Washington D.C. – As First Republic Bank sells off its remaining assets to JPMorgan Chase after federal regulators seized the troubled bank, a recent analysis from government watchdog Accountable.US found the bank’s top executive personally awarded Congressional Republicans over $2.1 million after passing the 2018 Dodd-Frank rollback bill that gutted risk assessment rules — a move experts credit with the recent spate of instability and failures among mid-sized banking institutions. Accountable.US also found First Republic spent at least $250,000 lobbying Congress to water down Dodd-Frank’s reforms that likely could have prevented recent troubles. 

The selloff news comes on the heels of the U.S. Federal Reserve’s formal review of its own supervision and regulation of the first midsize bank to collapse last month, Silicon Valley Bank. The review found supervision failures within the Fed stemming from Trump-era regulatory changes in 2019 that loosened regulations and requirements for mid-sized banking institutions. In response, Accountable.US called for Congressional testimony under oath from former Trump-appointed Federal Reserve Vice Chair for Supervision Randal Quarles, who played a key role in the deregulatory efforts that made it easier for midsize banks to make risky bets beyond their means. Accountable.US’ analysis found Quarles quickly exploited his newfound “discretion” that Congressional Republicans gave him under the 2018 Dodd-Frank rollback law – openly discussing what was described as “substantial big-bank deregulation” under the veil of “tailoring” policy. Under Quarles’ leadership, the Fed proposed and implemented several changes to the bank stress-testing regime.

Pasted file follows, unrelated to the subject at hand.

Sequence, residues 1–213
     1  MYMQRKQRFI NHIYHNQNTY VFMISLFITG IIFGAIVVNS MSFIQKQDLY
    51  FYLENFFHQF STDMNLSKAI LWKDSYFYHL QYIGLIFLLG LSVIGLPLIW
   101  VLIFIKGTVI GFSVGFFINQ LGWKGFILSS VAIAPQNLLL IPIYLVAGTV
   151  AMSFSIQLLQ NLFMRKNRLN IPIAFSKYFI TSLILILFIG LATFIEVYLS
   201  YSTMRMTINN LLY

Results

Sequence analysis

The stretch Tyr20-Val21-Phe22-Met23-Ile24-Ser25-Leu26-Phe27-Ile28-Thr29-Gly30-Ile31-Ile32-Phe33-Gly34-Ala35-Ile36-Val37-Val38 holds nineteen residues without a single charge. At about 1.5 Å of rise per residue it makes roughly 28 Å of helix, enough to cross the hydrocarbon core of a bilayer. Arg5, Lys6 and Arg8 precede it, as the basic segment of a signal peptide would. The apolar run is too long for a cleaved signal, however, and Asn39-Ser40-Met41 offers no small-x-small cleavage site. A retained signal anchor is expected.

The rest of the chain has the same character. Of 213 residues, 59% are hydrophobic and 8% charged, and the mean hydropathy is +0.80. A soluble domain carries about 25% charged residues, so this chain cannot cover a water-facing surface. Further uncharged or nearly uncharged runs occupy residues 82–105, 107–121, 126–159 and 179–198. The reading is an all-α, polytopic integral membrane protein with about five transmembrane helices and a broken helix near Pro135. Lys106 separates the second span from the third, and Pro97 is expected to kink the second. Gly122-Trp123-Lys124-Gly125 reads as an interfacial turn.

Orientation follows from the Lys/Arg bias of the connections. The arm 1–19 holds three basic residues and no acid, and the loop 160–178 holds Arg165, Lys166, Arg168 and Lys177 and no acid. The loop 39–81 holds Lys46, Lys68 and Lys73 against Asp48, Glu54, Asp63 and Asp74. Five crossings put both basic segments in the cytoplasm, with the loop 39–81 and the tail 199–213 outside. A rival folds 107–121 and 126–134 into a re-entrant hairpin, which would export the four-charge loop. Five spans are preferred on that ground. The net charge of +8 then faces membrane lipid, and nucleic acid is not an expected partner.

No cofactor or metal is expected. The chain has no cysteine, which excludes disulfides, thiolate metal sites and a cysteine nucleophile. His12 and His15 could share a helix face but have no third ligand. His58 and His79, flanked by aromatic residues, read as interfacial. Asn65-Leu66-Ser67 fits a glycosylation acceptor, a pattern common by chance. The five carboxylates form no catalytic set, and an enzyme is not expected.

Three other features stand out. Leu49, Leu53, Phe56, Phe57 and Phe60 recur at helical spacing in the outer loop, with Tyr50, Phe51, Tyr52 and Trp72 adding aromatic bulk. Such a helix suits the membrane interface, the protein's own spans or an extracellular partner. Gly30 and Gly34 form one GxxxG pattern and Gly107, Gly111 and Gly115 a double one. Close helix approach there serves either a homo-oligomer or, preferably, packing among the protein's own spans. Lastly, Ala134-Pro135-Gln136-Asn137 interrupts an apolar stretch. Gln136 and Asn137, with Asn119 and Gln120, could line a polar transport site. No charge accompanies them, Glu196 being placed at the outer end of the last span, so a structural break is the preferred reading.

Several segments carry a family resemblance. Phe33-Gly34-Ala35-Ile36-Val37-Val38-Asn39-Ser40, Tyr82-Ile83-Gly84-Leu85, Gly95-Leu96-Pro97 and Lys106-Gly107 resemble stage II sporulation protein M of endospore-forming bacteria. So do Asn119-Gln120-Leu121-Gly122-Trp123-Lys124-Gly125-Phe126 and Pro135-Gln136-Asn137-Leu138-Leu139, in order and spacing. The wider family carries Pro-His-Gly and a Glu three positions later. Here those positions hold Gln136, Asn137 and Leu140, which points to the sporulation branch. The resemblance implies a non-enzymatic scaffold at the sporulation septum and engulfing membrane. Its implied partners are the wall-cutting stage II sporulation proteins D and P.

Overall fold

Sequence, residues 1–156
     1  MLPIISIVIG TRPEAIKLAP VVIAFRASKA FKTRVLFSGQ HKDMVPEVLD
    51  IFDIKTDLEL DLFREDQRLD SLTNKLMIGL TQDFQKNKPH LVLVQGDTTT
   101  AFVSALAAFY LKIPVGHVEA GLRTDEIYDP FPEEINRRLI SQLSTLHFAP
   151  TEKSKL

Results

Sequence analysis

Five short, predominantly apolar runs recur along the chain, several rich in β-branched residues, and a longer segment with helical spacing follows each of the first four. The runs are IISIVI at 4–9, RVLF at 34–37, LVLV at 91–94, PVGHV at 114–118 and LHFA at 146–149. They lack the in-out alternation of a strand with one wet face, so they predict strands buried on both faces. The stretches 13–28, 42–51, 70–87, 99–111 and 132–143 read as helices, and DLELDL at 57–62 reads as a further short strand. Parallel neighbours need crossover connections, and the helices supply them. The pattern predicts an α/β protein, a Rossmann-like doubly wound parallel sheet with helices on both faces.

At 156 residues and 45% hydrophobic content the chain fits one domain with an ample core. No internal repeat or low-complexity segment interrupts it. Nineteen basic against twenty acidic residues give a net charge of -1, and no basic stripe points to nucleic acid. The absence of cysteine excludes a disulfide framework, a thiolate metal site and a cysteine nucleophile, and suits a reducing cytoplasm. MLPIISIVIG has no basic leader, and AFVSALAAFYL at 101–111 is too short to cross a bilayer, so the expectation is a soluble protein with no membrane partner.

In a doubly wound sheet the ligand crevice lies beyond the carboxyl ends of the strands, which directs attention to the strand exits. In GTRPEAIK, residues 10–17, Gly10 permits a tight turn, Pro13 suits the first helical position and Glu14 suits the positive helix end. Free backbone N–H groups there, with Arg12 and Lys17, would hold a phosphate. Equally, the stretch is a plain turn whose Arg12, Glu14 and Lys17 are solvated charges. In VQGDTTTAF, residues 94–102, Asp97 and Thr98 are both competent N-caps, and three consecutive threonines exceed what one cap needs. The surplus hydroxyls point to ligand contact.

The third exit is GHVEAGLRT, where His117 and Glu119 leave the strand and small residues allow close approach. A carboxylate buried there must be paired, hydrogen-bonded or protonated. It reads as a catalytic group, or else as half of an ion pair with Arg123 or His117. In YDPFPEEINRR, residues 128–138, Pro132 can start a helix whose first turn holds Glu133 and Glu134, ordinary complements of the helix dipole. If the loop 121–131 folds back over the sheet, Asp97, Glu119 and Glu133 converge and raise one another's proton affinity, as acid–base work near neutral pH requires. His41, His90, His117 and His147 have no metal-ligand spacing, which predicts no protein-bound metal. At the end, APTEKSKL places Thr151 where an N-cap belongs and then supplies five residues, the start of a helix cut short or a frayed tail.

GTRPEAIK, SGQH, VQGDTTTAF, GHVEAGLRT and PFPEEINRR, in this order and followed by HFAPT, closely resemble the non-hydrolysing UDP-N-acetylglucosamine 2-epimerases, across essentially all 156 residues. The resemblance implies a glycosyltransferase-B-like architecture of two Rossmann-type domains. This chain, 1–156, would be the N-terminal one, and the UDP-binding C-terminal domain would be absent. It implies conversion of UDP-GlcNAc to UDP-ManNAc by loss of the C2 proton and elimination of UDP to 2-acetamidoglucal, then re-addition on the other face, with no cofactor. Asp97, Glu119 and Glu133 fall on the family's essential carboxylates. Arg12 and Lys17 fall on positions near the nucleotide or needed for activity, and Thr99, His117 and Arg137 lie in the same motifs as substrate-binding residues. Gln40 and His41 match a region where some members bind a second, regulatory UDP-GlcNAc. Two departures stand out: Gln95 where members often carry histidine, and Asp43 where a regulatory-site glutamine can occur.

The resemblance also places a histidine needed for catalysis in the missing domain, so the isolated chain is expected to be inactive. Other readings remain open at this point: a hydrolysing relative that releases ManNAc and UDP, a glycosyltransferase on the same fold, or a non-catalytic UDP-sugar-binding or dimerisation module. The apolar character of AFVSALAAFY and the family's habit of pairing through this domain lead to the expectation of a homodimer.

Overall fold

The demise of First Republic Bank is a lesson in being careful what you wish for. The bank spent a quarter million dollars pushing Congress to nix safeguards against the kind of financial system instability that left the bank reeling – and then rewarded Republican campaigns to the tune of millions when it got its way. Republicans in Congress like Patrick McHenry that did the bidding of their financial industry mega-donors by loosening critical banking safeguards have been desperate to shirk responsibility as more chickens come home to roost. McHenry and fellow foes of consumer protection invited a culture of hands-off banking supervision during the Trump administration, which led to risky practices that ultimately caught up with mismanaged banks. There’s a straight line to trace between Republicans in Congress in the pocket of Wall Street, Trump era deregulation and failure of mid-size banks that threatens the stability of the financial system.

History shows the less oversight and regulation of the banking sector, the riskier their behavior and the greater the likelihood of another financial crisis. And yet Chairman McHenry and fellow conservatives in Congress have clearly learned all the wrong lessons from the recent bank collapses, recklessly demanding even less oversight and accountability of the industry. The MAGA House majority insists on protecting their industry donors at all costs -- even at the risk of another Wall Street meltdown at the expense of Main Street.”

Liz Zelnick, Director of Accountable.US’ Economic Security & Corporate Power.
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